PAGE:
11 Aug Spinal Issues in the NFL Make News
Commentary from Dr. Arien Smith of ANA
Recently, the career ending neck injury of New York Giants running back David Wilson made the news. In addition to many articles, the New York Times featured the 23-year-old’s case prominently on the front page of the Sports section (Wednesday, August 6, 2014).
Wilson aggravated a neck injury that was surgically repaired in January. Consequently, he experienced what is called a burner, or stinger (a nerve pinch injury). Although these are not technically in the category of the more serious spinal cord injuries, they are an intensely painful nerve injury that causes a shooting, stinging pain which is followed by numbness in the extremities. These injuries most often happen in contact sports, and are most common in football. In this case, doctors were alarmed when Wilson experienced that numbness down his arm and leg. What’s more alarming, these nerve injuries, which result from trauma to the neck or shoulder, also have a high recurrence rate.
In the world of football, Wilson is not alone. Stingers are common. A survey of college football players found that 65 percent had at least one burner in their college careers, but yet 70 percent of these athletes did not report the injury to anyone. It is estimated that approximately half of NFL players will suffer a stinger at some point in their careers.
Wilson is also not alone when it comes to spinal stenosis. He suffers from cervical spinal stenosis, a narrowing of the spinal canal which encloses the spinal cord. A number of other football players also have this condition, some without consequences and who continue to play. A case in point is the renowned Peyton Manning, who had successful cervical spinal fusion surgery to correct stenosis.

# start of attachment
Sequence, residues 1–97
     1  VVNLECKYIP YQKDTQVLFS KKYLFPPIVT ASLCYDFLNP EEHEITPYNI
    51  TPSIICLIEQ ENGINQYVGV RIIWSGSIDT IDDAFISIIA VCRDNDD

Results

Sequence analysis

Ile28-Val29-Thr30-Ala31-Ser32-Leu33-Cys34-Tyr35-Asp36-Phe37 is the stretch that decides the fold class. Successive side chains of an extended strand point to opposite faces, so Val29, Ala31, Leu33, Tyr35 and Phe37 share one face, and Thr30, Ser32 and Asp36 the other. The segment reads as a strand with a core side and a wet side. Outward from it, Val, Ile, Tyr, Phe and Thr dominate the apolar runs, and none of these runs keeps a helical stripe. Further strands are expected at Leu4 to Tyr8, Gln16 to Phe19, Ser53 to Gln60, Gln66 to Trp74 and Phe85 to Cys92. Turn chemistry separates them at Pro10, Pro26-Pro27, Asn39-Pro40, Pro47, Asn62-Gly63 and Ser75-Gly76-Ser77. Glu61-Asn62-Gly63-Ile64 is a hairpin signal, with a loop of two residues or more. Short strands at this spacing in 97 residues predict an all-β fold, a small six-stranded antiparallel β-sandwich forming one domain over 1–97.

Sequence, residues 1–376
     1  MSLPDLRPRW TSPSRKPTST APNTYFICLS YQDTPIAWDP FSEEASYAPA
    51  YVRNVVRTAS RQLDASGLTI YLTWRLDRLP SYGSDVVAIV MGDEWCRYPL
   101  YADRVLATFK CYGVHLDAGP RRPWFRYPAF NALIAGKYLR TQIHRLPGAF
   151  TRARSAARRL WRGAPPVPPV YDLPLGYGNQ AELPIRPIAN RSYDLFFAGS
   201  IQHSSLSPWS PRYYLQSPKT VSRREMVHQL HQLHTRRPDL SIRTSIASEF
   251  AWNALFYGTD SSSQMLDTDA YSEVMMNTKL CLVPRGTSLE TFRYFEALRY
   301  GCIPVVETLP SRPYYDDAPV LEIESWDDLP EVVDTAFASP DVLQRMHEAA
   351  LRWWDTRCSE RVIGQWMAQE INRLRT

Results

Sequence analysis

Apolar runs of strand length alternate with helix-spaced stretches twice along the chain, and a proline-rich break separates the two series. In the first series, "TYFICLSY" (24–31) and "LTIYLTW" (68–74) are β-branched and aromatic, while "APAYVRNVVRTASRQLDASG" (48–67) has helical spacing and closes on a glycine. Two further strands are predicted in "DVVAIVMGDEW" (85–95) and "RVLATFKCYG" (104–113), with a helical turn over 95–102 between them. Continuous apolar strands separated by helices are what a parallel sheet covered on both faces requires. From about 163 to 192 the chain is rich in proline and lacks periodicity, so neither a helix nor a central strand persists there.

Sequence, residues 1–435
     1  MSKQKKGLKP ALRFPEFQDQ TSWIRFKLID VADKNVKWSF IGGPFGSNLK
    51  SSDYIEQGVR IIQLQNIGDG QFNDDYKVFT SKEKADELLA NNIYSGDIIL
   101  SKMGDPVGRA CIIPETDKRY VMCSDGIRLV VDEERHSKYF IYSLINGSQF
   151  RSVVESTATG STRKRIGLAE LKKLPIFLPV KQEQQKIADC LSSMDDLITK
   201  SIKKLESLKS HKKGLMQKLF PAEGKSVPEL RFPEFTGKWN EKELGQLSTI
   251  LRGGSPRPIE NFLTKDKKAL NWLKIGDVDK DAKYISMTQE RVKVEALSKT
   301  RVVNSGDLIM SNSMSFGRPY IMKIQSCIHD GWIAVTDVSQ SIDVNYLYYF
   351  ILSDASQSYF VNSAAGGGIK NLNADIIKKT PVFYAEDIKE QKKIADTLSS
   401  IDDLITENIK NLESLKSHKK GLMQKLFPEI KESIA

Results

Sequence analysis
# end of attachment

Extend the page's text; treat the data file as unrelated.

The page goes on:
In fact, spinal stenosis is also a feature of the general population. There are several types of spinal stenosis. While lumbar stenosis is more common, cervical spinal stenosis is also prevalent, and is more dangerous because it involves compression of the spinal cord.
Wilson was cleared to play following his January surgery, which was spinal fusion for a herniated disc. But his pre-existing cervical spinal stenosis, coupled with the experience of re-injury, brings about the risk of suffering an episode of cervical cord neurapraxia (CCN), technically a concussion to the spinal cord. This injury causes transient paralysis in one or more of the arms or legs. CCN symptoms that last fewer than 15 minutes are considered grade I injuries. Grade II injuries last between 15 minutes and 24 hours. Grade III injuries persist for longer than 24 hours.
Dr. Arien Smith, neurosurgeon and spine specialist at ANA, further explains these conditions. “A stinger is a degree of neurpraxia. Anyone can get a stinger (think of bumping your funny bone and the temporary pain and numbness in the arm). Although this is a mild, temporary injury, given David Wilson’s history of cervical spinal stenosis and surgery, the concern would be that he is at greater risk of serious injury.” The ultimate fear is of permanent paralysis.
“CCN is a spinal cord concussion. With repeated concussion, one can sustain permanent damage. It’s particularly a risk by the nature of the sport of football, where the head and neck are very vulnerable. In addition, in the cervical spine, the spinal cord is less protected than the thoracic and lumbar spinal regions. The cervical spine’s ligaments are not as strong, its bones not as big, and the surrounding musculature is not as hearty.”
As to the case of David Wilson, Dr. Smith concludes, “Football is a game of risk. This guy could continue to play without further incident and have a successful career. However, I don’t think it’s unreasonable he was told to retire, given the position he plays. As a running back, he takes a number of hits, and a lot of punishment from some big guys. The most conservative thing to do is to tell him not to play.”